Detractor to supporter

Turn your trolls into an opportunity to talk with more people in a more meaningful way. View these exchanges as a positive way to tell your side of the story. Happy hunting!

This blog post was originally published on Just Giving Blog


John Sweeney of Suspended Coffee - a social media genius

What I learnt from a social media master

A lot of people talk drivel about social media. But, every now and then, you come across a person who has a pure instinct for it; someone who naturally understands people and naturally understand social media. Yesterday, I talked to a master of social media. This is what I learnt.

First, the numbers

In less than three years, Suspended Coffees has gained more than 288,000 likes on its Facebook page. Its engagement with its followers is both deep and wide. All of this was done organically with no ads or promoted content. Most companies would kill for a committed and rapidly-growing community like that.

Master at work

The master behind its growth is a former plumber, “with no social media training” as he said himself. That man is John Sweeney. A few years ago he had a revelation: that kindness matters. By being kind to each other, we can create a more balanced, a more humane and a more understanding society. So, he started Suspended Coffees and it has become a world-wide movement.

We talked yesterday about his work and our work here at Concern Worldwide. This is what I learnt:


We must follow our instinct. Often that means taking a risk, doing something without all the information we’d like. But, to grow we have to try new things. So, take your idea for a new Facebook post and give it a go. Review the results and then try to improve it.


This may seem obvious, but lots of organisations fail on it: people react to personalities. People do not react as positively to bland, mundane branding and messages. What is the personality of your Facebook page? Find one quickly, if you want to be successful.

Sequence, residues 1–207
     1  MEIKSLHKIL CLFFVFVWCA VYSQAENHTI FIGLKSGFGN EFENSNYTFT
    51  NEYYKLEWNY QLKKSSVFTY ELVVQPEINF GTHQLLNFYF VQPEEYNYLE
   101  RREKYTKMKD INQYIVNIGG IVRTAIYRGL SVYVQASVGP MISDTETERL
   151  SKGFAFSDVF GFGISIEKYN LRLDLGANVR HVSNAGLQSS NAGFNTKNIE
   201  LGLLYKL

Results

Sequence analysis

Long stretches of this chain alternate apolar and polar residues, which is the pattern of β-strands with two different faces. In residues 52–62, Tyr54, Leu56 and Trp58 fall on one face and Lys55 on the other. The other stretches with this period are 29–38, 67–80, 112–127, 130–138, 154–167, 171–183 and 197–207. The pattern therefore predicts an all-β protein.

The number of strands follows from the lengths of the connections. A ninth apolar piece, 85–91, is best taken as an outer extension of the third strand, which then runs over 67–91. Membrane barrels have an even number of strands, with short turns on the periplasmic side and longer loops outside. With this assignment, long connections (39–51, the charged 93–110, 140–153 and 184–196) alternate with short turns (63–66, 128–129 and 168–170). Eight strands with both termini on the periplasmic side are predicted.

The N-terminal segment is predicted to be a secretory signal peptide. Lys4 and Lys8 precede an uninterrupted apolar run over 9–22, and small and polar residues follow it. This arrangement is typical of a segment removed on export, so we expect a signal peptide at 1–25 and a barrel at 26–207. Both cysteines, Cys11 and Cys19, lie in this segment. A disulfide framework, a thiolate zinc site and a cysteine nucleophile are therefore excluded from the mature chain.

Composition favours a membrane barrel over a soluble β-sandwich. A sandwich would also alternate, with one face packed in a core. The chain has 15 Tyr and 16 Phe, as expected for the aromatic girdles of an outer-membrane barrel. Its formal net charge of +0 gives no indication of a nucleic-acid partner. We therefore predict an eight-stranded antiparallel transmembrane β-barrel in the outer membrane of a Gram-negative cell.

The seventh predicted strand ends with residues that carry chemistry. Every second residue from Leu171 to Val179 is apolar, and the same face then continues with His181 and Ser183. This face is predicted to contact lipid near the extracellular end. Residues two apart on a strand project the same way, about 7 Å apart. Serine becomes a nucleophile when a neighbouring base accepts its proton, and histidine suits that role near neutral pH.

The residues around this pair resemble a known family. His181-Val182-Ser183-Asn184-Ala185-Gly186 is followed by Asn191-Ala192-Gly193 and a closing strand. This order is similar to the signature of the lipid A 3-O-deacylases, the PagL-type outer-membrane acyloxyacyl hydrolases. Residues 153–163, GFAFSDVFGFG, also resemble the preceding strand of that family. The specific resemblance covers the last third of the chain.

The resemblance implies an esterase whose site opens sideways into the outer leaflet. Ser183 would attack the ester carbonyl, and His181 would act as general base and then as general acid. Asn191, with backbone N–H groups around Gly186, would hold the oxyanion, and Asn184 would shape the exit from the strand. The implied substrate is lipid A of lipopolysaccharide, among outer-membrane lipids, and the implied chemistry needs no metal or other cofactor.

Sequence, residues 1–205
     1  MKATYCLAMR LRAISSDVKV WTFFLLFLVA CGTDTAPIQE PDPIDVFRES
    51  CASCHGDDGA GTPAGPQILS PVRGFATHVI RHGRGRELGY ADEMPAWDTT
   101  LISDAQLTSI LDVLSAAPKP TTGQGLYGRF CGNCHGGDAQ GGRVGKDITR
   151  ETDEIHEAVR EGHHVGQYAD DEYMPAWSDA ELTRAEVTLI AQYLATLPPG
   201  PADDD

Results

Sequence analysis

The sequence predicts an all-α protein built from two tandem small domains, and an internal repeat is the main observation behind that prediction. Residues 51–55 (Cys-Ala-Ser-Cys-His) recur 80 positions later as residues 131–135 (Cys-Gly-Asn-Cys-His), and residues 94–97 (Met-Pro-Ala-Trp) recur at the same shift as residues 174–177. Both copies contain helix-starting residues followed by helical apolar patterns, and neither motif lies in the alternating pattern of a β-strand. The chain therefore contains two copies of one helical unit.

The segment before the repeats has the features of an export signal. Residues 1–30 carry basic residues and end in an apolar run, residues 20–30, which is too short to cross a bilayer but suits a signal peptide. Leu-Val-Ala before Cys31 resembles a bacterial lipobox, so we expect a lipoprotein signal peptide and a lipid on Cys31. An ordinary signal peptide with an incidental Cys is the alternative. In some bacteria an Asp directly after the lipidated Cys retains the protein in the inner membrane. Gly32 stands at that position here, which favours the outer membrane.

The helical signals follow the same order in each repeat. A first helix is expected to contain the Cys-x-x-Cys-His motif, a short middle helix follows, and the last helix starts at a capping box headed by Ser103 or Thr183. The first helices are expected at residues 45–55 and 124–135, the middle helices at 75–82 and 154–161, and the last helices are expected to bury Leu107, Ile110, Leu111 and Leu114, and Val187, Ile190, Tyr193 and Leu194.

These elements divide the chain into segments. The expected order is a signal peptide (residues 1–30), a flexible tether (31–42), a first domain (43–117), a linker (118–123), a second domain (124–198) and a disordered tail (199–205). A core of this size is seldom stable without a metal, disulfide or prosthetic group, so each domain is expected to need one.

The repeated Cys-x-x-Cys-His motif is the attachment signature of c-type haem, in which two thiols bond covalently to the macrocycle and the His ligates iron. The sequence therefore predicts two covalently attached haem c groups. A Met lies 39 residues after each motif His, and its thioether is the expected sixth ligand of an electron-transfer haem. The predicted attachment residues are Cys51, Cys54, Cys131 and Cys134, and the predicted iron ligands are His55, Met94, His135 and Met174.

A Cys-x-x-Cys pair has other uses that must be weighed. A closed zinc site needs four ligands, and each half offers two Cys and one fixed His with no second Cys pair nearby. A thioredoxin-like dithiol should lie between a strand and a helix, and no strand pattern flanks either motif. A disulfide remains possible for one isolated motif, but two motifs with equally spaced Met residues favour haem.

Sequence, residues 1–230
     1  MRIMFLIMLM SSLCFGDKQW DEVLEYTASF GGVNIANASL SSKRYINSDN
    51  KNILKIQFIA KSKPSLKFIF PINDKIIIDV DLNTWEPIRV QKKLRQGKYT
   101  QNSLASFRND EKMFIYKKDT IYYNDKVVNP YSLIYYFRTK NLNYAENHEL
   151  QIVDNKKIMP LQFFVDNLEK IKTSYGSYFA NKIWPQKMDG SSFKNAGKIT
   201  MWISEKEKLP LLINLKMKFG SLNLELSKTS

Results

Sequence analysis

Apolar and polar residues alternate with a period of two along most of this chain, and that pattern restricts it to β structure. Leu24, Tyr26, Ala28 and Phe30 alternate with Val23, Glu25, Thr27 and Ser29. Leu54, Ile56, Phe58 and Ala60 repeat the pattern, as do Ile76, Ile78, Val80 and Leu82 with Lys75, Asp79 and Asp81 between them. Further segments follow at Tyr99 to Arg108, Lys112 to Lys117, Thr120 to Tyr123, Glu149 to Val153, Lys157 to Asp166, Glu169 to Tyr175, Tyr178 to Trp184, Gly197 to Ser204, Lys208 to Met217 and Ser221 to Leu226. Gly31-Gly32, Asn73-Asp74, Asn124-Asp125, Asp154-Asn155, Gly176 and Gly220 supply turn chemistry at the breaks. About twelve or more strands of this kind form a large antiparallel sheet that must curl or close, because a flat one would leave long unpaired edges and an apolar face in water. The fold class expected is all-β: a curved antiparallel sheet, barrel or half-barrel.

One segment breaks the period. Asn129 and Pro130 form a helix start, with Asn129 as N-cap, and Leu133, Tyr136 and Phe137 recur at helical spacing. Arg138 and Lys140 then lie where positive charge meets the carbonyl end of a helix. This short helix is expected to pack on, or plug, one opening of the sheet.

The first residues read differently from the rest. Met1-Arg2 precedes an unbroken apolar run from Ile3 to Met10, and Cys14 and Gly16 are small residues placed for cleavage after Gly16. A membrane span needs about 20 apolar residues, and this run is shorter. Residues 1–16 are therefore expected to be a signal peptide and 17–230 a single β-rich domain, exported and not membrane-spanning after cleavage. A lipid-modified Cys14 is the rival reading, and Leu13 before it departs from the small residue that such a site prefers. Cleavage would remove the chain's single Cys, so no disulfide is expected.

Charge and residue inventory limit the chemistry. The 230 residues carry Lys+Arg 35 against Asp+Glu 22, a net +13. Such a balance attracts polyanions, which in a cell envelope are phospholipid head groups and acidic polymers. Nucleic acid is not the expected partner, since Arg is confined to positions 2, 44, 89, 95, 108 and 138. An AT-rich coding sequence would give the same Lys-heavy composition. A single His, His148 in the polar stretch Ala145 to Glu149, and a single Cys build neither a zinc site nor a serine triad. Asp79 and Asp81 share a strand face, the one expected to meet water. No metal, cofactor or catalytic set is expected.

Universal cause

Suspended Coffees focuses on kindness. We can all understand that. It is a universal human behaviour. Think about your audience on Facebook. Think about the people you are trying to reach. Then think about your organisation. Think about what you’re trying to do. What common value do you and your audience share? Find that and start to talk about it.


People can sense a fraud. So, be honest. Does the image you are trying to portray, match your behaviour? It should. If it doesn’t, you’ll need to either change branding or behaviour. You decide.

Real social skills

If you understand how to listen and talk with people in real life, you’re at an advantage on social media. Long before John Sweeney heard of Facebook, he was good with people. Facebook has just given him the chance to reach more of them.

Time well spent

I learnt a lot from John in our brief conversation. You’ll see some of these ideas shortly on Concern’s Facebook page. Could John help your organisation? Everyone can learn from a master.

This blog post was originally published on LinkedIn Pulse.